CNN+ staffers are reportedly furious after the network’s Thursday announcement of the streaming platform’s collapse.
“This is f*cking nuts,” a staffer told the New York Post.
“Many people left their stable jobs at CNN to go to CNN+ and then they pull it right after launch? Everyone is aghast and furious,” a source said. “This literally rivals the epic disaster of Quibi,” another reportedly said.
“The big people will likely be saved, but what about everybody else, the people who do the real work?” the insider told The Post.
(Some of you are asking about me. I am proud to be on team CNN. I will be fine. It’s not about me right now.)
— Kasie Hunt (@kasie) April 21, 2022
“At first people were really freaking out,” the anonymous staffer said. “And then, toward the end of the meeting, it just turned to sadness. Every team was just huddling with each other.”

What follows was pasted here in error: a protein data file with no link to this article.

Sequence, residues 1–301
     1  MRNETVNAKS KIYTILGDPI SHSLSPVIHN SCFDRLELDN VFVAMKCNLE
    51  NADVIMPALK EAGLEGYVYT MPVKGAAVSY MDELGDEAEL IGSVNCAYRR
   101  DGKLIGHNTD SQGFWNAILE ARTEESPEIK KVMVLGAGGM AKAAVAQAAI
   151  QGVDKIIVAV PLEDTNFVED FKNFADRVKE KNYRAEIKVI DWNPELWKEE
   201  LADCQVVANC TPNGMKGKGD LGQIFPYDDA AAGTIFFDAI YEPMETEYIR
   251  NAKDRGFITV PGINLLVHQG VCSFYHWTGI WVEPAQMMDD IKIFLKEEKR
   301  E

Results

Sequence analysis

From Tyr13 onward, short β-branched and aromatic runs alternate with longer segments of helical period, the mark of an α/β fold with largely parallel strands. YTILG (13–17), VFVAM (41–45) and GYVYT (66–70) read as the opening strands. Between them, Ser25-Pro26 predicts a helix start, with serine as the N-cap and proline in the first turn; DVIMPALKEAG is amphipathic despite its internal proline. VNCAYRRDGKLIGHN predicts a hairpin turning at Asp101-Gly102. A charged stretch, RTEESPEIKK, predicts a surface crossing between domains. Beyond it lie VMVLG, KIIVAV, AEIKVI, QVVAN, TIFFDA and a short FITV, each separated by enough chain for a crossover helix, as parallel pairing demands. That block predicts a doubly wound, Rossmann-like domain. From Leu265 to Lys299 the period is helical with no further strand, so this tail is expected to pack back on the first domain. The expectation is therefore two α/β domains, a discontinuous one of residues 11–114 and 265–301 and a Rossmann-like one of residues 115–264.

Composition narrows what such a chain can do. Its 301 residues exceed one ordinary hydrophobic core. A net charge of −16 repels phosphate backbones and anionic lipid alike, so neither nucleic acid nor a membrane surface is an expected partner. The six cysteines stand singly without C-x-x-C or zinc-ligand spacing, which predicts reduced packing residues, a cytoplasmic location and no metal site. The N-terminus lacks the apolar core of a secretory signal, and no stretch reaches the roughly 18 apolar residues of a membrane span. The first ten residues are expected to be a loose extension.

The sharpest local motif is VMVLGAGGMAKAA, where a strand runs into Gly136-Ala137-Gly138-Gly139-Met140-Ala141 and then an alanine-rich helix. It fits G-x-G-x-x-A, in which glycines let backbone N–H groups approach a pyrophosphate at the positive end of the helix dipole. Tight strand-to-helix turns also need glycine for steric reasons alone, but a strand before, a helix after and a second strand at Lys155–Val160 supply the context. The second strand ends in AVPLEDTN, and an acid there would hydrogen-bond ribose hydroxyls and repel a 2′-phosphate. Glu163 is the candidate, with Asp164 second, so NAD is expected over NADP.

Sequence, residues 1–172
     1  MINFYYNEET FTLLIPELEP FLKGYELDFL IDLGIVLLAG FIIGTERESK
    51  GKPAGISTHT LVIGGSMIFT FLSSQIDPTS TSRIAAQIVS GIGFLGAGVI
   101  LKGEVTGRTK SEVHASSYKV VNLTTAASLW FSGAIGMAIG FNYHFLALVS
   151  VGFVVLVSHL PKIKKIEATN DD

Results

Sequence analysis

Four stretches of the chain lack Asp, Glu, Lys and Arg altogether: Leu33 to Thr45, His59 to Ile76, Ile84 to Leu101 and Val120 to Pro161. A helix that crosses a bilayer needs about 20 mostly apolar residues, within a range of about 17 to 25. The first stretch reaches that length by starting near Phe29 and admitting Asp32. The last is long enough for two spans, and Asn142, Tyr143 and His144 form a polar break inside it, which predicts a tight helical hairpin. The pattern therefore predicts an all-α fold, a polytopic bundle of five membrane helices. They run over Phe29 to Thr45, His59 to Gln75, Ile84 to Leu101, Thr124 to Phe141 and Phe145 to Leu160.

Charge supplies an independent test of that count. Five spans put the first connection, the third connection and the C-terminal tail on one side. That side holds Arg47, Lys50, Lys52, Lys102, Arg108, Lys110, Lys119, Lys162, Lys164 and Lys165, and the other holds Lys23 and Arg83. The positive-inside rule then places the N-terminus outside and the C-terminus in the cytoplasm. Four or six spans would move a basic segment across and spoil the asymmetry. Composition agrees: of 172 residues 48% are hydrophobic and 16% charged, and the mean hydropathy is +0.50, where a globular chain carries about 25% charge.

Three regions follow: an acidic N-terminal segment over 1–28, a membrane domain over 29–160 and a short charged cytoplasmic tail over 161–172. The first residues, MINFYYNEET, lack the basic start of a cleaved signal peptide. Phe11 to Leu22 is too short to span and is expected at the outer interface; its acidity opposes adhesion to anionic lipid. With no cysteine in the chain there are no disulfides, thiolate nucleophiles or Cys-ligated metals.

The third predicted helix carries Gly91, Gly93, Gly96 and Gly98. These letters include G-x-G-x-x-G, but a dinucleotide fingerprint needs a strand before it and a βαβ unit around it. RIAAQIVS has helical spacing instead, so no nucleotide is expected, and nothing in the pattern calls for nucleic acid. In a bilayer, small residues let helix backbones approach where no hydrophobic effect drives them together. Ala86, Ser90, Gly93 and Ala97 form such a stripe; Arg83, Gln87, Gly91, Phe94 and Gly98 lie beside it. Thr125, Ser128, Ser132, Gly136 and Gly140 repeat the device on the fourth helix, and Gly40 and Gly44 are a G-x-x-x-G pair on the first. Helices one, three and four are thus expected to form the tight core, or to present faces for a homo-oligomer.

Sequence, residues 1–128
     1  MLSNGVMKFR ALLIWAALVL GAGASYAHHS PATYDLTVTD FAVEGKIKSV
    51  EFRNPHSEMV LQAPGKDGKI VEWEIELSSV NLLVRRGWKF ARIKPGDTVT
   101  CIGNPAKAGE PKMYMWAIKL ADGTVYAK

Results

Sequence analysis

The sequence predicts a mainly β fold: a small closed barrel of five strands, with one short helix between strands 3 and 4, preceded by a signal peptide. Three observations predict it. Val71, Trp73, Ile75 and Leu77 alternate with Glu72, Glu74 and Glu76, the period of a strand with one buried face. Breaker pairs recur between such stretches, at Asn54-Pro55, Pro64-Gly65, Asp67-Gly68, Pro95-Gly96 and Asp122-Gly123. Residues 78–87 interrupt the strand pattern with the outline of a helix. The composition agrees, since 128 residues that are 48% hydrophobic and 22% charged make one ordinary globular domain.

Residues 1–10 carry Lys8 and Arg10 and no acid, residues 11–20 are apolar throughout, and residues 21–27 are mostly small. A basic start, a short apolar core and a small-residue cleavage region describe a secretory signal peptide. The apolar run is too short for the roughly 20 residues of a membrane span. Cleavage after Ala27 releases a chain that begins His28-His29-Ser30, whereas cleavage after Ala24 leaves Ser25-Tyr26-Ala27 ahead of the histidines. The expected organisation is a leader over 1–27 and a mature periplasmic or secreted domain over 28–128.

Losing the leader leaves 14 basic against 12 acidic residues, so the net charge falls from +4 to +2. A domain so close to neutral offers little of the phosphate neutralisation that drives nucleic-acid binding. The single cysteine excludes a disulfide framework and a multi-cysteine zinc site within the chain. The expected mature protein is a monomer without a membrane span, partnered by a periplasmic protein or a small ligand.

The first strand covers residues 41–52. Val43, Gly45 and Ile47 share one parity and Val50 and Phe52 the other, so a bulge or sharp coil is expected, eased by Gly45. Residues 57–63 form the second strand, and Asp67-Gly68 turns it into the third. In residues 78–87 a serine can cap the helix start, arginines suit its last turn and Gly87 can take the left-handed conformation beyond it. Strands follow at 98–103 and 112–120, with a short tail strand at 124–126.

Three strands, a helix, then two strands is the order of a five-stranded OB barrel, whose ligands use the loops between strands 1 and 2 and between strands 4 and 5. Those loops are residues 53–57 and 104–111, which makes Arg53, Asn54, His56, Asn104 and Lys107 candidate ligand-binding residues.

An agent for one of the CNN+ hosts said their client’s program faces an unknown fate but assured that the network is determined to find roles for all the hosts, CNN reported.
The network’s parent company, WarnerMedia, recently merged with Discovery to create the newly formed Warner Bros. Discovery. Previous reports said CNN+ would merge with the larger streaming service, Discovery+, if subscription numbers did not increase.
Warner Bros. Discovery CEO David Zaslav reportedly met with CNN’s incoming president, Chris Licht, to discuss resolutions, charters and bylaws connected to the merger process.
“The irony is that Zaslav came in a few weeks ago and told the CNN+ staff they would soon be running the world, ahead of CNN anchors on TV,” another source told the Post.
Layoffs were predicted immediately after the launching unless subscriptions reached 130,000, Fox Business Charles Gasparino said in a March 30 tweet, the day after its launch. With hundreds of employees currently expected to lose their jobs, Licht said in a Thursday statement that staffers will continue to be paid and receive benefits for the next 90 days, then be handed a six-month severance.
The network spent $300 million on the new platform, losing $9,375,000 daily. The network’s executives expected nearly 2 million subscriptions within the first year and 15-18 million within four years.